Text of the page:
“Nobody should be killed just for existing,” he said. What needed to be discussed further, he added, was whether transgender people should disclose their gender identities to sexual partners. “To me, anytime you take away someone’s power of choice, it’s criminal,” he said. “Let me decide for myself if this is what I want. But if a trans person doesn’t disclose until after sexual acts have occurred, they shouldn’t be killed for it.”

Monday, August 7, 2017

HBO Game of Thrones Recap: The Spoils of War

Well that was pretty good. Or as my brother said, this show should win awards for this episode alone if nothing else. It was a little higher on action than normal, but the story also moved forward with the "talky" portions. There were few wasted words in this episode. There were a number of reunions. The Lannisters (and evidently some remains of the Bolton forces) are marching to King's Landing from Highgarden, having looted it. Jaime's intention is to use the booty to pay off the Lannister debt to the Iron Bank. Bronn can tell that something is bothering Jaime but as Jaime is not really a sensitive new age type of guy he declines to share Olenna Tyrell's last words with his employee. Flipping the script, Jaime notices that even when he gives Bronn a generous portion of the gold Bronn is not super happy. Care to share. Well Bronn is not sensitive and talky either but he is quite the honest mercenary. He wants a castle. He was promised a castle. He thinks Highgarden looks appropriate. Jaime chides him for being greedy but says that after the war is won Bronn will have his pick of castles, though probably not Highgarden. Randyll Tarly and his son Dickon report. They need some help "convincing" people of the Reach to turn over their harvests. Jaime volunteers Bronn to help in that endeavor.

In King's Landing, the Iron Bank representative, Tycho, is meeting with Cersei. He is both pleased and a little irritated that Cersei intends to pay the debt back in full in one payment. The Iron Bank likes interest payments because that's where the profit is. Still they want their money back. They will be be pleased to work with Cersei on all sorts of future projects just as soon as they have their money back. Cersei has sent Qyburn to inquire about hiring the Golden Company, a famous mercenary group with former links to Westeros.

Movie Reviews: Detroit

Detroit
directed by Kathyrn Bigelow
The 1967 Detroit riot or rebellion started less than a mile from where I would later grow up. In separate incidents during this time both of my parents were shot at by police, soldiers and/or rioters. My mother, a paternal uncle and my paternal grandfather were nearly killed by police shooting at the car my grandfather was driving while he was trying to get my mother safely home. A bullet missed my mother and left a scar on my uncle's shin. Another paternal aunt would later regale me with stories of the National Guardsmen/Army troops riding in armored vehicles shouting racial slurs at black teens and threatening to shoot them. And of course many older uncles and second cousins would from time to time over the years mention the repressive and disgusting behavior of the police back in what I came to think of as the bad old days. I mention all this to say that although I wasn't on the scene or even yet thought of when the riot took place I feel as if I had a very personal stake in what was going on. Some of the buildings that were part of my panorama growing up were the same buildings that were seen on the newsreels of the events in 1967. People died in part so that I could walk freely in my city and succeed to the best of my God given abilities instead of being assaulted by police or trapped in a dead end racially segregated job. So I was intrigued to see what a strong talented director like Bigelow would do with this story. Would she mess it up? Would she get down to the nitty gritty? Would she confirm ugly stereotypes about whites working with "black" stories and themes?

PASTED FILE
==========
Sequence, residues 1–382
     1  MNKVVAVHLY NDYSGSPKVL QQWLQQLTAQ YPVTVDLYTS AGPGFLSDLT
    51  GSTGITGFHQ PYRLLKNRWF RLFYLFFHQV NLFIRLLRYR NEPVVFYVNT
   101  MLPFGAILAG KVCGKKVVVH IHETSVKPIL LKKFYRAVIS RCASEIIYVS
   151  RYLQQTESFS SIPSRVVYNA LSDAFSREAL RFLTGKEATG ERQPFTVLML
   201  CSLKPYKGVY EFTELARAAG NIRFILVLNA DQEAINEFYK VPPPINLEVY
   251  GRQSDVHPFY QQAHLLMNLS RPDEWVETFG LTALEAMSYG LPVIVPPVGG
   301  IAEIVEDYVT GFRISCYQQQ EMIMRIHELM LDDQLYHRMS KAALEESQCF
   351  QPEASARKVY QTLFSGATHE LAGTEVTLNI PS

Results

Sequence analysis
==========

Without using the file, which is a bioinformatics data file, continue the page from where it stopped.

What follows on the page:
Unfortunately I would have to say that as a storyteller Bigelow missed the boat here. Technically the movie is superb. The camera work, lighting, cinematography, settings and look of the film are all top notch, with one or two minor complaints I'll mention in a moment. Bigelow is a master (mistress?) of her craft and shows it here. But the narrative is too sharply focused on the incidents at the Algiers Motel. The Algiers Motel (which has since been torn down) was a place that was a sort of no-tell motel. People often went there to commit adultery. Some prostitutes worked that area. 

Saturday, August 5, 2017

Chicago High School Graduation Requirements

In a decision which didn't attract much attention outside of Chicago, perhaps because people don't think it will make that much difference, Chicago Mayor Rahm Emanuel and the Chicago School Board recently changed the law regarding high school graduation. Starting in 2020 in order to receive a high school diploma, a student not only must successfully complete the coursework but also demonstrate to the school's satisfaction that he or she has a plan for post-graduation success. Approved plans include college admission, military admission, a job or an apprentice program. In other words the government must approve of your plans post-high school. If the government doesn't approve then you don't get your diploma.

THE JOB of K-12 education traditionally has been considered complete when students walk across the stage to get their diploma. That is about to change in Chicago with an ambitious, and controversial, initiative requiring public school students to have a post-graduation plan to earn a diploma. Chicago leaders are right to make official what long has been recognized — the need for more than a high school diploma to succeed in today’s economy — and, more importantly, to accept responsibility for helping students meet that challenge.

Starting in 2020, under a plan championed by Mayor Rahm Emanuel (D) and unanimously approved by the school board, diplomas will be tied to students devising post-secondary plans. High school seniors must show they’ve been accepted into college, or the military, or into a trade or “gap-year” program, or have secured a job. The idea is to raise expectations and thus produce better outcomes for students.